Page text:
The Inn started its life as a wine bar over the wine vaults of 10 and 12 Fore Street. The original entrance was from the Town Quay although by the late 1890's the entry to the Private and Saloon Bars via the now existing passage.
Around 1948 the whole premises were leased to the Courage Brewery and it still retained the sawdust flooring of old.
Since 1994 it is in private hands.
This large house with stunning views over the Fowey valley close to the Whitehouse passenger ferry slip was the home of Sir Arthur Quiller-Couch or "Q" a Cambridge professor, mayor of Fowey, editor of the Oxford Book of English Verse and author of many novels on the life and times of Fowey.
Situated on the north side of Fore Street, it is one of the oldest buildings in Fowey having been there long before the fire of 1457. Originally the home and warehouse of a wealthy merchant, today it is a Dentist Surgery and adjoining shop.
The date when the house was built is unknown, it became the family house of the Treffry family in 1280 on the occasion of the marriage of Thomas Treffry to Elizabeth Boniface who was living at the Place at the time. When the French attacked the town in 1456, Elizabeth, wife of Thomas Treffry the Second, with her men repelled the French by pouring molten lead from the roof onto the attackers. It was fortified by Thomas like a castle in around 1458. Today the Place is still a family residence and the mansion is not open to the public.
Situated right next to the Town Quay it is the probable site of an Elizabethan poor house named after Frederick the Great, King of Prussia, who's victories in the Seven Years War had made him a hero in Britain. Originally it was the Old Compting House or Municipal Hall built over the columns of the old market, which is still remain to this day, but it was pulled down in 1886 and the Inn rebuilt on similar lines.
Dedicated to St. Finbar who passed through Fowey early in the 6th century on his way from Ireland to Rome. His Church was replaced by a Norman one, of which only the fine front remains. Rebuilt in 1336, partially destroyed in 1457 in an attack by the French when the town was burnt, it was again rebuilt by the Earl of Warwick.
The church's inside decoration bring one back to the medieval times. Grave stones that are placed in the church's wall, a beautiful decorated altar and lovely artistic windows give this church a romantic atmosphere.
The aquarium has been on Fowey Town Quay for over 50 years and houses a collection of fish from the local waters around Fowey. One can usually see fish like the sinister conger eel, which is an anglers favourite.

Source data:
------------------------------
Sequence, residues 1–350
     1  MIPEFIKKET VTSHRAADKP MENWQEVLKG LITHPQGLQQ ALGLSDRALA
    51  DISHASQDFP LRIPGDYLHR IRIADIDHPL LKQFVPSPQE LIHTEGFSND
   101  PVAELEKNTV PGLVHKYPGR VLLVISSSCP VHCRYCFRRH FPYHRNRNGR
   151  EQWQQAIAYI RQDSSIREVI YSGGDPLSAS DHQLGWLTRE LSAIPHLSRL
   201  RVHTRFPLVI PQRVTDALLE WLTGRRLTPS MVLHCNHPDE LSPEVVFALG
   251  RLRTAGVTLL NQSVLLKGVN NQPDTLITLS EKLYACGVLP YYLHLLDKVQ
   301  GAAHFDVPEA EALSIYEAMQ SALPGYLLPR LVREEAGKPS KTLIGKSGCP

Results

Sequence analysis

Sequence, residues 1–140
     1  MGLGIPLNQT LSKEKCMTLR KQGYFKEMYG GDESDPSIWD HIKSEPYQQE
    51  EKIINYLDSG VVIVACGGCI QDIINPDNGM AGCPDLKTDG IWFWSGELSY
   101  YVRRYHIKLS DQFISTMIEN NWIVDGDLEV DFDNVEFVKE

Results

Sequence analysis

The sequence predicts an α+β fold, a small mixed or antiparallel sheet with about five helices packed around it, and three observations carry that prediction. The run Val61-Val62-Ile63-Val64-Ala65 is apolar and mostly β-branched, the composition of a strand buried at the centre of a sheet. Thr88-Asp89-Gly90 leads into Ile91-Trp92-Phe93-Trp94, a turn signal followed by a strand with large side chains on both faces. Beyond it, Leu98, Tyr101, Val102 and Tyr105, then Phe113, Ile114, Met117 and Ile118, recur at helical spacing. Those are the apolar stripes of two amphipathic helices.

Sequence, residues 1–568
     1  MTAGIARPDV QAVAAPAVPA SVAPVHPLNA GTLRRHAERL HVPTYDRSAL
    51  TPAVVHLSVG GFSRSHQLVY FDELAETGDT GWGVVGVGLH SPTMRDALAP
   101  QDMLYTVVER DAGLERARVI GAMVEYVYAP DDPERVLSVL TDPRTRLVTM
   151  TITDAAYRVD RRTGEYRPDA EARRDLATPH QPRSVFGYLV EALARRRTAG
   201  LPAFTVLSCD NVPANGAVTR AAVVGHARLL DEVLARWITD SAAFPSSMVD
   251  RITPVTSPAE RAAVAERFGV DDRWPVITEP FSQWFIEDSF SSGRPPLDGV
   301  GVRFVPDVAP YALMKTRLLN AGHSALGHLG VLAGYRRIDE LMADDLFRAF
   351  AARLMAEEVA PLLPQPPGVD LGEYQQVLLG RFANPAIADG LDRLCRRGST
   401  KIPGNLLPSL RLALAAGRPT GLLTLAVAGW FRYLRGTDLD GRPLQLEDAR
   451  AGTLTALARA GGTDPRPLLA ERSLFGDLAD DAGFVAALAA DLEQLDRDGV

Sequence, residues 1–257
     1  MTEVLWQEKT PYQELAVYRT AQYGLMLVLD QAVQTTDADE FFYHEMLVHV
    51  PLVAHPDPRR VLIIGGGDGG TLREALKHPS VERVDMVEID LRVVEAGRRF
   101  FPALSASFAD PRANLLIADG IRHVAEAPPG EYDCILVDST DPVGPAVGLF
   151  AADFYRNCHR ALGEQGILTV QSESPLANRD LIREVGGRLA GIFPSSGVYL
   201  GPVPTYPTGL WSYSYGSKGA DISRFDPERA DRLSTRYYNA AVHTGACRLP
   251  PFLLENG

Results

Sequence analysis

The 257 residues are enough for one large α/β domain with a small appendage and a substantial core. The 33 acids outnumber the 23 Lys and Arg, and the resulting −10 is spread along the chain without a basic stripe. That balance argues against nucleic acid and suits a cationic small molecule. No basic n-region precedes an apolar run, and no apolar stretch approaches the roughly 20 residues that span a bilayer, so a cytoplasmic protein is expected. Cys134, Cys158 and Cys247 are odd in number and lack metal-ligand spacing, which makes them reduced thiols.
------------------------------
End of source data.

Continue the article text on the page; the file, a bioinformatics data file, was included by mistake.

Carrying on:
There is also a range of lobsters and crabs as well as a crab touch pool for children.
The museum is open from Easter until the end of September.
Fowey is the toast of yachtsmen and ramblers, but also of historians and archaeologists. Iron Age Man already lived here. The Romans came to visit and used the port and 1380 the Spanish, followed by the French in 1457 tried to burn it to the ground. Drake, Raleigh and Frobisher all sailed from Fowey and the harbour was surveyed by Cook before he became captain.
Although the museum is small it is packed with many interesting collections.
This fine Georgian building is on the site of a medieval rest house for pilgrims on their way to the shrine of St. James of Compostela in Spain. Records show that between 1412 and 1456 licenses were granted to seven Fowey shippers who carried approximately 350 pilgrims.
Built in 1570 by John Rasleigh, a celebrated merchant, it is named after his famous ship "Frances of Fowey". Although greatly altered over the centuries, one room remains much as it was originally with its ornamental ceiling, fine oak panelled walls and carved over the fireplace, the names of John and Ales Rashleigh and the date 1570.
This medieval house, reputedly the oldest building in Fowey was built in 1430 the year before Joan of Arc was burnt at the stake, before the War of the Roses and sixty years before Columbus discovered America.
The old kitchen is enchanting, walls fireplace and beams are very little altered from when they were built and some of the original cobbles remain to view.
The Town Quay is where all the roads meet, harbour cruises start and it offers a small parking area. It used the Town Quay as the central point to orientate myself with all the narrow streets that go and up and down the hill as well as along the Fowey valley.
Recorded as an Inn in 1782, it was probably a former private residence, for upstairs a plaster plaque commemorates a plaster ceiling in 1633. In the 17th century a group of plasterers were very active in the West Country and it would seem that at the time many houses in the area were embellished by their workmanship. The Inn was a meeting place for the Court Leet from 1787 to 1806 which had jurisdiction over harbour and shipping dues.
Surrounding the St. Fimbarrus Church is the old graveyard, which contains grave stones from the early centuries of Fowey as well as a monument to the fallen of the World Wars.
A tranquil setting right in the heart of Fowey.